PARIS ¿ Biobank is not just another venture capital fund, said its CEO, Pascal Brandys, the former CEO of Genset and co-founder of this biotechnology investment company along with another former Genset executive, Agnhs Le Saux-Narjoz.
He described it as an ¿industrial holding company,¿ whose aim is to ¿contribute management know-how as well as capital.¿ In short, Biobank sees itself ¿as a sort of business angel,¿ only more hands-on.
The company has a bipolar structure at present, comprising Biobank SAS in Paris and Biobank Corp. in San Diego. In addition, it is in the process of setting up an Asian subsidiary, Biobank Asia-Pacific, based in Singapore, as well as an institutional investment arm, Biobank Technology Ventures LLC.
Biobank¿s strategy is to make an initial investment of EUR$500,000 to EUR2 million (US$450,000 to US$1.8 million) in a new business, with which it would expect to have majority control, or at least be the lead shareholder. It would retain its investment for up to five years, cashing it in after the firm is managerially autonomous, ideally on the occasion of an IPO.
Biobank has ample funds at its disposal, Brandys told BioWorld International. ¿Our own funds are more than sufficient for us to invest in up to 10 projects, so money is not the limiting factor. But it is hard for us to handle more than two projects at once.¿ He added, ¿We could increase our capital later, but it is not our aim to become big.¿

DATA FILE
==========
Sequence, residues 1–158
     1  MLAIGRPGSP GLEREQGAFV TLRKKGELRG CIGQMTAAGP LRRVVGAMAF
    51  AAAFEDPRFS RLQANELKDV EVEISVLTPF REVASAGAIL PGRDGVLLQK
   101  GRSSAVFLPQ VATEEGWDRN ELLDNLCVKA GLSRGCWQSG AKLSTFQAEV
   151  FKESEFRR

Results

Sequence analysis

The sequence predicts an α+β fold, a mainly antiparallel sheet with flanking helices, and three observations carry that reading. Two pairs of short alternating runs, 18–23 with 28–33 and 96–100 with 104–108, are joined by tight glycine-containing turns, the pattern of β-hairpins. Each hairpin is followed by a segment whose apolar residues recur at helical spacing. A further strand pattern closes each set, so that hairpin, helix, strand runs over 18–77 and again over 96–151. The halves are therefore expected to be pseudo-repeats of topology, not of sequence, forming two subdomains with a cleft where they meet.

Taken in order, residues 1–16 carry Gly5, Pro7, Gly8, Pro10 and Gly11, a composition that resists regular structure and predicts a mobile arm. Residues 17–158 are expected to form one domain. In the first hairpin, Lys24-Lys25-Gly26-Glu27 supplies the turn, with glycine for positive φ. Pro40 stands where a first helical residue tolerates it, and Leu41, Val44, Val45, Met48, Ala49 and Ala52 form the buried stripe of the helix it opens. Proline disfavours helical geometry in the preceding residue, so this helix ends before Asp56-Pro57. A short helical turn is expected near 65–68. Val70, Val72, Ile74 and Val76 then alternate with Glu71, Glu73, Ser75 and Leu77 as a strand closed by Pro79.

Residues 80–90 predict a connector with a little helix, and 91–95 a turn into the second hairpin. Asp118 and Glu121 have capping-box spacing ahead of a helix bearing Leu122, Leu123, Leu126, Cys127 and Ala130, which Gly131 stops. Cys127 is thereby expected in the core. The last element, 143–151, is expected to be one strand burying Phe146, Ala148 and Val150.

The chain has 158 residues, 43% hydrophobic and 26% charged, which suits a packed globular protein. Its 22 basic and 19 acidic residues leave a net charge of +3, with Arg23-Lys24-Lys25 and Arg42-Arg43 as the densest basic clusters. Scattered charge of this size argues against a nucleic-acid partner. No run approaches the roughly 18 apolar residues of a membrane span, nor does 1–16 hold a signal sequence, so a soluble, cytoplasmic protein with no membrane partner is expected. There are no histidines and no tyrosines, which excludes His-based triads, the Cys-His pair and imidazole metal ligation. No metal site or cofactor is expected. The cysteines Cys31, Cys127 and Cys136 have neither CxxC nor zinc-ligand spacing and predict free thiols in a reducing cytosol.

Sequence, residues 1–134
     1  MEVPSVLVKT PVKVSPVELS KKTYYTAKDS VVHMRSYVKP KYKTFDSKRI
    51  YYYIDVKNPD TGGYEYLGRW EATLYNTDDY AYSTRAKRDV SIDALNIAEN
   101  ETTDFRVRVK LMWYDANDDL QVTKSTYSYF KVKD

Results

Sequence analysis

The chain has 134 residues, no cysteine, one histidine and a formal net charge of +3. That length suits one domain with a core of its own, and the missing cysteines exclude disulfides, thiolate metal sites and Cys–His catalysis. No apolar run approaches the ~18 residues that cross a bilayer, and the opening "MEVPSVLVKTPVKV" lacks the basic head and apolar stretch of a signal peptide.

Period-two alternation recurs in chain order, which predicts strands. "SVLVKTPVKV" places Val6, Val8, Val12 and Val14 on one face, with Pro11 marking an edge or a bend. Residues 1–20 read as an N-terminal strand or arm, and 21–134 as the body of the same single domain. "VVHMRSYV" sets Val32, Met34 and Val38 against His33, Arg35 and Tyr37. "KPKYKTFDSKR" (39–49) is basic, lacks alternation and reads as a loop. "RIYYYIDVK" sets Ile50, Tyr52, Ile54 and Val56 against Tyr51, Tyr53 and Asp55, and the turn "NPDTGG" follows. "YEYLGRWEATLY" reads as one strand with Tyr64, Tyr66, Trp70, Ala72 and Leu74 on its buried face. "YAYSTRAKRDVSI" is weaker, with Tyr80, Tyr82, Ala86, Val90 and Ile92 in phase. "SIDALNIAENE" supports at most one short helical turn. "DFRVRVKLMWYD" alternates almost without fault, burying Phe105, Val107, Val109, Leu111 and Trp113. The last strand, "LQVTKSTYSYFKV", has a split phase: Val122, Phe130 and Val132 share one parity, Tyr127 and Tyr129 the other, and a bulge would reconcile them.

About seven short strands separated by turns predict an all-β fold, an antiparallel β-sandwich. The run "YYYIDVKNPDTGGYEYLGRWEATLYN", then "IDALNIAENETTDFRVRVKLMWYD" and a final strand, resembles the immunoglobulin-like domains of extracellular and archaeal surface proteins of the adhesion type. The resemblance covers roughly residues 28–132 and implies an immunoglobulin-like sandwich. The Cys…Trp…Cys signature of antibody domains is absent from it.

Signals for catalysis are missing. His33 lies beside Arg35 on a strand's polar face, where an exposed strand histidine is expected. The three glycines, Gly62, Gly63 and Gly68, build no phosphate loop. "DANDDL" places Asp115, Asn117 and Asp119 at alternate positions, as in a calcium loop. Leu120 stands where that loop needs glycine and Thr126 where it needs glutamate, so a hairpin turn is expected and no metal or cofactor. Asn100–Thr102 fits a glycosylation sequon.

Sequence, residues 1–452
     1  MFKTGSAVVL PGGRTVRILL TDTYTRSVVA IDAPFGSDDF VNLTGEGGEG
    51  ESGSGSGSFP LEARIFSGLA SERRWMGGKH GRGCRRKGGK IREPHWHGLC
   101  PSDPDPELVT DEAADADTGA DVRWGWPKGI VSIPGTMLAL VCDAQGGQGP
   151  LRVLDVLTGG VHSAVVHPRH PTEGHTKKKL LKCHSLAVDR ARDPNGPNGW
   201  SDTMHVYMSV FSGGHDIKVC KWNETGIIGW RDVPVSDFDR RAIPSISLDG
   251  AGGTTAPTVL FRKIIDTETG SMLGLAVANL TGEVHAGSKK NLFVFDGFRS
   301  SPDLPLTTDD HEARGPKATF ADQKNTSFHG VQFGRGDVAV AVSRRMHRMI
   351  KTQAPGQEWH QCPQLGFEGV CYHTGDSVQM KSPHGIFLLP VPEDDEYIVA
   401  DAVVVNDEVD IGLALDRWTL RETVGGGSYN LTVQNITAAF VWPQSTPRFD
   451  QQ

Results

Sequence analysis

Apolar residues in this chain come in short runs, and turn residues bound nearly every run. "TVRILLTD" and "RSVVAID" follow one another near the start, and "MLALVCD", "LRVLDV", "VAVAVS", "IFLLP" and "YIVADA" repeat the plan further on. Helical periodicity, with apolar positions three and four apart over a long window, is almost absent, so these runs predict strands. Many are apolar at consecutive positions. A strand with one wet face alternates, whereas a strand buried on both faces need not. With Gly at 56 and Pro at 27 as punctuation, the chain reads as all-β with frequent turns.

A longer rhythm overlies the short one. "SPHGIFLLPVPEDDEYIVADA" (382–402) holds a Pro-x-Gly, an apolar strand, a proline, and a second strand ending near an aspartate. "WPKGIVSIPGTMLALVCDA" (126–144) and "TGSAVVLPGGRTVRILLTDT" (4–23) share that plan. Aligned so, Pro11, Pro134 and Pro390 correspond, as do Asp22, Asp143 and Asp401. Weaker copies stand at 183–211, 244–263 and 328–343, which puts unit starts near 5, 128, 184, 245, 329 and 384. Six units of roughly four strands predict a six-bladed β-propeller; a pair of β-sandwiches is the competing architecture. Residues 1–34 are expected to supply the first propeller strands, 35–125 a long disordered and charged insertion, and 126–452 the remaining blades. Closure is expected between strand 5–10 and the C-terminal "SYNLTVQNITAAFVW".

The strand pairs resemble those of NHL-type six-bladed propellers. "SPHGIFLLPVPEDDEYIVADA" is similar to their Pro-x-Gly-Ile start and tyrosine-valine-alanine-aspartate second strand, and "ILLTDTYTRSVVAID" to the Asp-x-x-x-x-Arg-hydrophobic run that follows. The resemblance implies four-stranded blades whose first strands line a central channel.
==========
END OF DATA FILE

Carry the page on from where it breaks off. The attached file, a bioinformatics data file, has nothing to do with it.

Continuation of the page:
There are currently five shareholders in Biobank, and Brandys did not rule out the possibility that institutions and even industrial companies might one day join the ranks of its shareholders. He explained that Biobank was ¿an open fund; we will increase our capital when needed for new projects.¿
Through its hands-on approach to the creation and management of new ventures, Biobank said it hopes to ensure their development from start-ups to viable businesses. It also intends to have a say in the formulation of the firm¿s business strategy, and one of its basic principles is that start-ups should concentrate on their core scientific activity and contract out managerial and administrative tasks.
One of Biobank¿s objectives is to foster networking among the various companies in which it invests, so they benefit from potential synergies and each other¿s expertise and experience. Similarly, it encourages firms to enter into alliances and collaborations at an early stage of their development.
Although Biobank was established only in May, it already has participated in the creation of five start-ups: Endocube, of Toulouse (genomics): Genteon, of San Diego, (instrumentation); Iguazu Biosciences, of San Francisco (vaccines); Stell, of San Diego (cell therapy); and E-LifeScience, of Paris (E-commerce). Its initial investments in these companies ranged from US$250,000 to US$1.37 million.